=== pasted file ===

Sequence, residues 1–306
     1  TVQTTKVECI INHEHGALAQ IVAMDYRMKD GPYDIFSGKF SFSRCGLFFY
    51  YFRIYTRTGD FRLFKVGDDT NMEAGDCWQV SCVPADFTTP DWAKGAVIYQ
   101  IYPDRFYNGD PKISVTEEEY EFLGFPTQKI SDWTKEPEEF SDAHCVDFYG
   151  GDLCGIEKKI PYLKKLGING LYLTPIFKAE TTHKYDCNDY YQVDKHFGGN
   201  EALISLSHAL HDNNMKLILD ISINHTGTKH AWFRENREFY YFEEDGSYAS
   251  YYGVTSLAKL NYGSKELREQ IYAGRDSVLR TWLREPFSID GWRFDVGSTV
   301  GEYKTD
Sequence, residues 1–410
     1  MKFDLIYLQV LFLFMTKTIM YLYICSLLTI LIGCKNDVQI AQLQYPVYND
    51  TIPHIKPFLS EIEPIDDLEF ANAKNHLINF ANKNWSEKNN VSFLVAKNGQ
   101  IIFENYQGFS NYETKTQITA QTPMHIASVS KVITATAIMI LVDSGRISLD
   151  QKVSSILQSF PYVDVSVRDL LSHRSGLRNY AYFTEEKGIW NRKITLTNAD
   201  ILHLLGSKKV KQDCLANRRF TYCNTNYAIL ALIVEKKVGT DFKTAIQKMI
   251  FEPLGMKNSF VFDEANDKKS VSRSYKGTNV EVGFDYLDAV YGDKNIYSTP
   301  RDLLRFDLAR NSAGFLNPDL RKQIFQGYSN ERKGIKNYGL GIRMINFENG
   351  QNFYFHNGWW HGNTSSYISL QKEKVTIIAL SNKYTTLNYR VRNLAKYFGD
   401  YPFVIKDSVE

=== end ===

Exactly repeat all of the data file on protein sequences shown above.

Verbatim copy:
Sequence, residues 1–306
     1  TVQTTKVECI INHEHGALAQ IVAMDYRMKD GPYDIFSGKF SFSRCGLFFY
    51  YFRIYTRTGD FRLFKVGDDT NMEAGDCWQV SCVPADFTTP DWAKGAVIYQ
   101  IYPDRFYNGD PKISVTEEEY EFLGFPTQKI SDWTKEPEEF SDAHCVDFYG
   151  GDLCGIEKKI PYLKKLGING LYLTPIFKAE TTHKYDCNDY YQVDKHFGGN
   201  EALISLSHAL HDNNMKLILD ISINHTGTKH AWFRENREFY YFEEDGSYAS
   251  YYGVTSLAKL NYGSKELREQ IYAGRDSVLR TWLREPFSID GWRFDVGSTV
   301  GEYKTD
Sequence, residues 1–410
     1  MKFDLIYLQV LFLFMTKTIM YLYICSLLTI LIGCKNDVQI AQLQYPVYND
    51  TIPHIKPFLS EIEPIDDLEF ANAKNHLINF ANKNWSEKNN VSFLVAKNGQ
   101  IIFENYQGFS NYETKTQITA QTPMHIASVS KVITATAIMI LVDSGRISLD
   151  QKVSSILQSF PYVDVSVRDL LSHRSGLRNY AYFTEEKGIW NRKITLTNAD
   201  ILHLLGSKKV KQDCLANRRF TYCNTNYAIL ALIVEKKVGT DFKTAIQKMI
   251  FEPLGMKNSF VFDEANDKKS VSRSYKGTNV EVGFDYLDAV YGDKNIYSTP
   301  RDLLRFDLAR NSAGFLNPDL RKQIFQGYSN ERKGIKNYGL GIRMINFENG
   351  QNFYFHNGWW HGNTSSYISL QKEKVTIIAL SNKYTTLNYR VRNLAKYFGD
   401  YPFVIKDSVE